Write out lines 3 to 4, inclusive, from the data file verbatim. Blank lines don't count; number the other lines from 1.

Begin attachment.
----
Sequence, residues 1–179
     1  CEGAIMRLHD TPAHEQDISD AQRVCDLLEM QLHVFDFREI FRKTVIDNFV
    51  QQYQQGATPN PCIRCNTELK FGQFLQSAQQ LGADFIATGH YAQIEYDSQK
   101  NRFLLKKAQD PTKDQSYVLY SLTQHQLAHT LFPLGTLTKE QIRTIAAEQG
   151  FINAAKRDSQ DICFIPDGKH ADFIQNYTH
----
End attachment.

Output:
    51  QQYQQGATPN PCIRCNTELK FGQFLQSAQQ LGADFIATGH YAQIEYDSQK
   101  NRFLLKKAQD PTKDQSYVLY SLTQHQLAHT LFPLGTLTKE QIRTIAAEQG